Army JROTC dedicated to making students better citizens


Shelby Ford

Army JROTC receives thanks for large quantity of volunteering in the community.

Joseph Potts, Reporter

The U.S. Army Junior Reserve Officers Training Corps(JROTC) is a class taught by retired military officials teaching lessons on character education, student achievement and leadership.

“Sgt. Maj. Matson and Nathan Rozinek came to Walcott and they were talking to all the eighth graders about JROTC for high schoolers and I put down my name,” junior and cadet Thomas Yates said. “I actually picked the army one on accident, but I kind of stuck with it,” Yates said.

Students can become cadets and the lessons taught in JROTC allow cadets to learn information, practice competency, and apply competency in real life situations. ROTC helps students develop skills like collaboration and critical thinking.

“When you go to the class, they pretty much lay out a few things right off the bat,[for example] you’re supposed to carry yourself with a little more respect than some people care to[admit],” Yates said. “And the first time you really feel like you’re a cadet is when you pass your first term and you are given the rank of corporal…That’s when you definitely feel like you earned something for the first time,” Yates said.

Cadets are taught by instructors who are military officials that have been retired from various duties like active and reserve duty and the National Guard Army Service. Instructors are instructed and charted by the National Defense Authorization Act of 2007 to teach and advise roughly around 314,000 JROTC cadets annually.

“I applied, then got my Iowa teaching license and college degree from Columbia,” Sgt. Maj. Michael Matson said. “I teach two levels of the Army JROTC course, first and fourth year. I facilitate, coach, and guide all parts of the program,” Matson said.

Cadets can participate in various activities to show their understanding of lessons such as military drill competitions and STEM (Science, Technology, Engineering, and Mathematics) camp.

“I’m a little bit of a physical junkie, so I do like PT days(physical training). Tuesdays we do individual exercises, which will be things like rifle PT and circuit PT, where we’re doing push ups and we’re running around…I prefer our team building exercises, which are games like dodgeball,” Yates said.

The courses that cadets take are four years long and called Leadership Education and Training. These lessons teach cadets how to be better citizens by developing skills like leadership, good citizenship and collaboration. Cadets can also succeed in ranks and earn personal benefits that make them better leaders. For example, a cadet can become an officer, which allows them to set up training and events for their battalion.

“We have officers, so they are in charge of getting everything set up for our battalion in all ROTC blocks. So they have one person who has what we’re going to do for the week set up a week before hand,”  junior and cadet Jarrod Hulme said. “And then we have people who take control of each block in companies. So it kind of benefits each person differently, but each rank benefits the battalion,” Hulme said.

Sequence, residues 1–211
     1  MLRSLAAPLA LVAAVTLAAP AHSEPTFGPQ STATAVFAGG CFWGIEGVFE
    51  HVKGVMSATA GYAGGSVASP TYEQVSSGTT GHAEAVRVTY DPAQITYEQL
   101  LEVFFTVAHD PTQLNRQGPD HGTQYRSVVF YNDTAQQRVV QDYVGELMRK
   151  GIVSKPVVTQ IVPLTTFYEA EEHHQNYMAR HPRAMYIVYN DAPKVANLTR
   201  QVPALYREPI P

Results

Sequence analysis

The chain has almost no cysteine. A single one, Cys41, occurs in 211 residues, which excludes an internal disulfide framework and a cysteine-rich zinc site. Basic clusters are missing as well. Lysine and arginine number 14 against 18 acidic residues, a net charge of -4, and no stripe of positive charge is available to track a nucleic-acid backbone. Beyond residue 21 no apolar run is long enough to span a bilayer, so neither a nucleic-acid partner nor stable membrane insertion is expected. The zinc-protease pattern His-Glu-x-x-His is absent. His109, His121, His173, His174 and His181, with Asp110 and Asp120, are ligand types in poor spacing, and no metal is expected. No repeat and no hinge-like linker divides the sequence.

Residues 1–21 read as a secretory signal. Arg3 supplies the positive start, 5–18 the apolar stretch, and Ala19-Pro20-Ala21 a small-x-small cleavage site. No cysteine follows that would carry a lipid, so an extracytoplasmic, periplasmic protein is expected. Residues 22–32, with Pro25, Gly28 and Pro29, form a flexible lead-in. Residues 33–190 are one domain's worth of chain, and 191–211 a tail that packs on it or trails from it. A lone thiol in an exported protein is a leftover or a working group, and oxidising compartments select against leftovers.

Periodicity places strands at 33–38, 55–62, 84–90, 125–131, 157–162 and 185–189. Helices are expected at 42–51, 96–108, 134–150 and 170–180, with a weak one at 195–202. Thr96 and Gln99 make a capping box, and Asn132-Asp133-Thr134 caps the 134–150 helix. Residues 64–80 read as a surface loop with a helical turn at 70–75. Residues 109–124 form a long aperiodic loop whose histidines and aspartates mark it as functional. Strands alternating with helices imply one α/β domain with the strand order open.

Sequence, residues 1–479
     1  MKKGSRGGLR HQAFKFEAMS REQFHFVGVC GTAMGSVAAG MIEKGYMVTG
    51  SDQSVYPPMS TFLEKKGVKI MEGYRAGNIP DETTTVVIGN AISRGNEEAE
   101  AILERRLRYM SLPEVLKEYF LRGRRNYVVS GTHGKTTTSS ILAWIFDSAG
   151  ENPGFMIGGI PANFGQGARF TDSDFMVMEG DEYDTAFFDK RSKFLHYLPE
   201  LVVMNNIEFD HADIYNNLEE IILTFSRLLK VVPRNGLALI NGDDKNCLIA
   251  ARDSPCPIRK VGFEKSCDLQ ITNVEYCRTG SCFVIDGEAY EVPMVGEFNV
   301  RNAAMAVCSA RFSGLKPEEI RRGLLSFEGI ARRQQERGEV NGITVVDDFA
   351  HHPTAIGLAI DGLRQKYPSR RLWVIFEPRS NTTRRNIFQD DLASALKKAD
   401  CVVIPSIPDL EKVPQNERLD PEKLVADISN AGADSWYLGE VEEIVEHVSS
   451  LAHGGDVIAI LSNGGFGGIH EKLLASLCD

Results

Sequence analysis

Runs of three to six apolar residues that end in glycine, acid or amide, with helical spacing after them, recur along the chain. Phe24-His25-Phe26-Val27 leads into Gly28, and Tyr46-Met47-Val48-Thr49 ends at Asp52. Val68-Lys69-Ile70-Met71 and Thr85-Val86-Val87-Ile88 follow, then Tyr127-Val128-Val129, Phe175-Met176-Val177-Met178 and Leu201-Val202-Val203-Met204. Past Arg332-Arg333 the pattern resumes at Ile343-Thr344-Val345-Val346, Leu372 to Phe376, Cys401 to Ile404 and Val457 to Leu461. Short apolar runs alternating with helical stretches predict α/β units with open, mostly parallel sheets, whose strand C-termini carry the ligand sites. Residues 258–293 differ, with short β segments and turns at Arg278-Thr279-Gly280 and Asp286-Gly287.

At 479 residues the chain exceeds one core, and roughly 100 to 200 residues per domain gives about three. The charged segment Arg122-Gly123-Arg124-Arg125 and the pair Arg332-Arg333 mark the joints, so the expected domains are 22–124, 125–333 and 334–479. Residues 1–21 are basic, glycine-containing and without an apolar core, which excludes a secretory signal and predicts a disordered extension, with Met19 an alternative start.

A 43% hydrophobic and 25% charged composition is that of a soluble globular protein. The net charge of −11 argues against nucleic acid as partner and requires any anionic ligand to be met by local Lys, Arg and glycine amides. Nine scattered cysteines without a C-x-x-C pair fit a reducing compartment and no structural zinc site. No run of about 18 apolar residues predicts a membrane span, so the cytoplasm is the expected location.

There are very little requirements needed to join ROTC. A person can easily can go to their counselor and schedule to have ROTC in their classes. But there are requirements needed to stay in ROTC.

Yates stated that a person can be demoted in rank if grades are suffering, and cadets can also be moved to no rank if they are failing. If a students were to continue to fail in classes, then they could be removed from the class altogether.

“Attitude is obviously another thing. We definitely want to carry ourselves as positive as possible and being derogatory towards anyone for any reason at all is just not accepted,” Yates said. “Fighting is a big thing as well. We do threaten to take people out of the class if they’re known to be associated with fights… So if you just get looped into one [a fight] because you’re at the wrong place at the wrong time, we’re not going to get on you as bad. We’re just going to say you should probably have tried to get away though,”  Yates said.

The cadets take what they learn from ROTC and apply it to their everyday lives. For example, using time management skills to keep track of schedules and important events, being more courteous to people, and being more self-confident in abilities.

“In fourth term, we have service learning projects where do things like help out with American League or will do car washes. We have multiple groups. There’s about three groups per company and we have three companies, so we do up to nine projects a year at the end of the year,” Yates said.

ROTC students meet up in two different places. The first block students meet up behind the school where the buses park and the third block students meet at the front of the school where the benches are. As recommended by Hulme, students should meet up with other cadets or ROTC officials to get an understanding of the course and its requirements.

“It is kind of nice because you know you’re doing something. You’re putting yourself out there and if you stick with it and you really care about it; it’s a fulling experience,” Yates said.